Note that any facility personnel who accesses the critical asset, regardless of whether he or she is accompanied by a screened employee, must also be screened for terrorist ties.  All individuals should be notified prior to screening.

Ask How ALL4 Can Help You With the PSP Process

PSP Submission

An Authorizer or an Administrator can assign facility employees or third-party contractors to a PSP Submitter role.  Facilities can have multiple PSP Submitters to share responsibilities for different personnel.  Multiple groups can be created for different sections of affected individuals, and a PSP Submitter can be assigned for each group.  Facilities may wish to assign an HR official as a PSP Submitter in order to incorporate the CSAT submission for an affected employee into the normal hiring process.  They may also wish to designate an employee of a contracted company to handle the PSP Submissions of their contractors.  Regardless of how the responsibility is shared, the Authorizer is encouraged to establish user roles and groups in CSAT to implement reasonable privacy limitations.  The information submitted to DHS through the PSP process is considered Personally Identifiable Information (PII) and must be safeguarded.  More information about user and group management can be found in their manual.

Submission of affected personnel information into CSAT can be done individually; however, those with a large number of affected personnel should take advantage of the bulk upload feature, which can process up to 10,000 individuals at a time.  The Sample Bulk Upload template is an XLS file that can be accessed through the PSP tab in the CSAT Portal.  The PII required for PSP screening varies between Options 1 and 2, but the minimum information required includes the affected individual’s full name, date of birth, and gender OR country of citizenship.  Option 2 requires specific information pertaining to the program the individual is enrolled in.  Additional information such as alias name, passport number, redress number and location of birth is optional.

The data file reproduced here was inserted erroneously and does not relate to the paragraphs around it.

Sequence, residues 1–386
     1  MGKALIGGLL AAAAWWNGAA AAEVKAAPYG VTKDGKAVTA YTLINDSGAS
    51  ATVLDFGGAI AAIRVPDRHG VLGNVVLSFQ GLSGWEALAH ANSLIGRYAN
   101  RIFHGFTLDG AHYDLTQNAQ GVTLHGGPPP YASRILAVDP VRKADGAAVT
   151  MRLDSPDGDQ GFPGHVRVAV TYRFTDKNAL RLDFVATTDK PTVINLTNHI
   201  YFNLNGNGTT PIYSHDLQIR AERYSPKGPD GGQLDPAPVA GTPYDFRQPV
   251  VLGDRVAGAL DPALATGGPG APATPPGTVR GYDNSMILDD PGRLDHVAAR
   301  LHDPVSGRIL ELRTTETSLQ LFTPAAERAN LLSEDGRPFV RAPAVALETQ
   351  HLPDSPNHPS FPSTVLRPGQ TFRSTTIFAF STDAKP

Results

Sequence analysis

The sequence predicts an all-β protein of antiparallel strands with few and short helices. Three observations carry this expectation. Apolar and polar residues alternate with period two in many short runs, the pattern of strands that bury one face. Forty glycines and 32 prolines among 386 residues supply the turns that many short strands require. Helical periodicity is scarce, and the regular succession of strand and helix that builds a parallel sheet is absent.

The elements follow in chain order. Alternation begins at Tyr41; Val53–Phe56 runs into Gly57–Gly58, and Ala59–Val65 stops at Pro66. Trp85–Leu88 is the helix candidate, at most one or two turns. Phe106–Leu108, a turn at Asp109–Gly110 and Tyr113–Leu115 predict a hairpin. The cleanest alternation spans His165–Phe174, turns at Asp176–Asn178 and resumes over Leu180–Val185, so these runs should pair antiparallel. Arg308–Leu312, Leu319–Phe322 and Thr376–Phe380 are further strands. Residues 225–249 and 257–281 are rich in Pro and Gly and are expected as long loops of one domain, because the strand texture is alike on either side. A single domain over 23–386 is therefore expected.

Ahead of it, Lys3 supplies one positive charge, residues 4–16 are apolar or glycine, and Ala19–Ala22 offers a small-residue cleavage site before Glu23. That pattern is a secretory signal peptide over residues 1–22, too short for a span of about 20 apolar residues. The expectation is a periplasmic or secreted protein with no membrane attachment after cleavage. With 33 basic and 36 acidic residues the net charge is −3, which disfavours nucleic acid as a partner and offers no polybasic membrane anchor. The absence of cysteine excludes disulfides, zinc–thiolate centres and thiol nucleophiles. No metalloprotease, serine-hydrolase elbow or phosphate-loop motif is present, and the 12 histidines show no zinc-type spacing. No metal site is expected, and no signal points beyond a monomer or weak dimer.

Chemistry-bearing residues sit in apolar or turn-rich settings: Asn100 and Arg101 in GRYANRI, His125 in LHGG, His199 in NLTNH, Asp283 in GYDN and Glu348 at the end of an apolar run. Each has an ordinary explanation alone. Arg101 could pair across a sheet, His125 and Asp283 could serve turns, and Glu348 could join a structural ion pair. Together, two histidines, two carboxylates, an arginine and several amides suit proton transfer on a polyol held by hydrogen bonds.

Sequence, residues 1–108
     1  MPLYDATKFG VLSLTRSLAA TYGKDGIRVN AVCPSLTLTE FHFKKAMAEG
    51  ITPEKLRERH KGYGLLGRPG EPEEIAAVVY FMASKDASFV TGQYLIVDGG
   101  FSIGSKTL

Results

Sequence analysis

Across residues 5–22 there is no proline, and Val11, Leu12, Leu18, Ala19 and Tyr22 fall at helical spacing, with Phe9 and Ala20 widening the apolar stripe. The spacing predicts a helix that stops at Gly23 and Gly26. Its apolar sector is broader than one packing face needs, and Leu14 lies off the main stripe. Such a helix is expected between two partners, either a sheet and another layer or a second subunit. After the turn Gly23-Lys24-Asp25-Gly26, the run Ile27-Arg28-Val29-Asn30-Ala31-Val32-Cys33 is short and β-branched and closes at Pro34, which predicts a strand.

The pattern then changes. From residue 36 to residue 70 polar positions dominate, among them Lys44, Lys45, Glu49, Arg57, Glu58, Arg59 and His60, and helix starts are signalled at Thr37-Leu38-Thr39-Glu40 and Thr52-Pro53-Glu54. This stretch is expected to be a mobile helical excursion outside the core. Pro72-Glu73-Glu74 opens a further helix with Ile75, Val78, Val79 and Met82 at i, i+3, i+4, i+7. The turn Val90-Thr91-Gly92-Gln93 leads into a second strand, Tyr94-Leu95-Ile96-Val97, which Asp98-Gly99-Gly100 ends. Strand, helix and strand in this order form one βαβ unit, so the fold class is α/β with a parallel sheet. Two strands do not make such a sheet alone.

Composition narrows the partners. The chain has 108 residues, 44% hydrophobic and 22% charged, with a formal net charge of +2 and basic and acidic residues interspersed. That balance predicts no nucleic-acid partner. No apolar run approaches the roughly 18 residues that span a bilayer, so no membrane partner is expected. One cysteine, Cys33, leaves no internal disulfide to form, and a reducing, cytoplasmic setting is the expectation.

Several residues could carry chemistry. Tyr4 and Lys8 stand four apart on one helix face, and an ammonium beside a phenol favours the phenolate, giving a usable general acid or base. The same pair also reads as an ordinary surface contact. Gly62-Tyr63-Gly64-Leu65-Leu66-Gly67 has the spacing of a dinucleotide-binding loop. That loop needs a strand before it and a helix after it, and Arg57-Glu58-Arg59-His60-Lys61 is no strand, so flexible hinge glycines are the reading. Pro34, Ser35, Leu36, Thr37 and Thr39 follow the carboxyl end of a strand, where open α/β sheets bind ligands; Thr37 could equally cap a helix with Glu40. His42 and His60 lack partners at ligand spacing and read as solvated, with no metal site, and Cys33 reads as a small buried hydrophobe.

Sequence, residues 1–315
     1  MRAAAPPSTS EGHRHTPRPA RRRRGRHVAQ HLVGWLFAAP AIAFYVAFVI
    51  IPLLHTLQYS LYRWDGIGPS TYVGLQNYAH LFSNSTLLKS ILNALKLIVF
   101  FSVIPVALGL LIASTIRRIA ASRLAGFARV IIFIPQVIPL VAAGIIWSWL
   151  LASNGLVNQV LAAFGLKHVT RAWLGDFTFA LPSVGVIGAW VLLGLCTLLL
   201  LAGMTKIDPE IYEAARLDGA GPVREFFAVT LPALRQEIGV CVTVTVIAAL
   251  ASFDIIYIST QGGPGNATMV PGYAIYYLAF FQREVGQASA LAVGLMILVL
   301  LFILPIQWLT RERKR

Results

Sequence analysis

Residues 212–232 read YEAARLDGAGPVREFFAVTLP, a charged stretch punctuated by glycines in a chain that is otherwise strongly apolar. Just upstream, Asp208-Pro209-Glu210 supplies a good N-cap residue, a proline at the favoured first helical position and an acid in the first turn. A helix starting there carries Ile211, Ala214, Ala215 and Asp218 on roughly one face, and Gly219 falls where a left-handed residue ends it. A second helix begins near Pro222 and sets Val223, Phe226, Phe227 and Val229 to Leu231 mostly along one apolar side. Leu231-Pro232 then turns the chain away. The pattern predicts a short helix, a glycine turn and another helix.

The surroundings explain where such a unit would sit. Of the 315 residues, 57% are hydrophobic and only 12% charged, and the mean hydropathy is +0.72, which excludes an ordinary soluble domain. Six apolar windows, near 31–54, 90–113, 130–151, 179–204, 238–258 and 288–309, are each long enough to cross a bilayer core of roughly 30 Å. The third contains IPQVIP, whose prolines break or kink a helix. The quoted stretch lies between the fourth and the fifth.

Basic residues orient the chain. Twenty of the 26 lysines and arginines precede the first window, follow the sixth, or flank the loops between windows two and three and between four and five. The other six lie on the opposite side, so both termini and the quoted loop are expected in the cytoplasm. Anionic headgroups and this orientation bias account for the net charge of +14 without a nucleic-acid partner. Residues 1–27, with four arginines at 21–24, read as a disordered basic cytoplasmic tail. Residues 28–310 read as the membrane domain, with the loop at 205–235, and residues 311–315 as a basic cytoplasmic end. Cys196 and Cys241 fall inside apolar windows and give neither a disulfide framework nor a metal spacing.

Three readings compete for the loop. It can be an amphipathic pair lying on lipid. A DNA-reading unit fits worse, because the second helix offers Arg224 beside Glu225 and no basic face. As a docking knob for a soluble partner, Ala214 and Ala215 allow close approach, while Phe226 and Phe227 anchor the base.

Once the PSP Submission is uploaded through CSAT, the status of submittals will be “Submitted”. There is no more immediate action required by the facility or employee, and the Submission should be considered complete.

Ongoing PSP Requirements

Once the facility has completed the initial implementation of PSP, any new personnel or contracted employees must be submitted to DHS prior to being granted access to CFATS-restricted areas.  Likewise, if an individual’s access to the CFATS-restricted area is removed (i.e. in the event of an employee leaving the facility or moving to a different area of the facility), DHS must be notified by removing the individual in the PSP tab of the CSAT portal.  If an individual has temporary access to the CFATS-restricted area, you can enter the date that the individual’s access will expire in the optional field dated “Date Affected Individual Will No Longer Have Access.”

DHS encourages high-risk chemical facilities to submit updates and corrections to PSP data as needed in order to ensure that DHS’s checks for terrorist ties, which are done on a recurrent basis, are accurate.

Facilities should complete an annual review of the PSP database to ensure the list of individuals is accurate.  More information can be found in the CSAT PSP Instructions.

If you have questions regarding CFATS or the PSP process, please contact me at lsmith@all4inc.com or at (770) 999-0269.  ALL4 has assisted clients with completing top-screens, ASP/SSP development, implementation of planned measures, compliance documentation, and compliance inspections.  Look for more CFATS content from ALL4!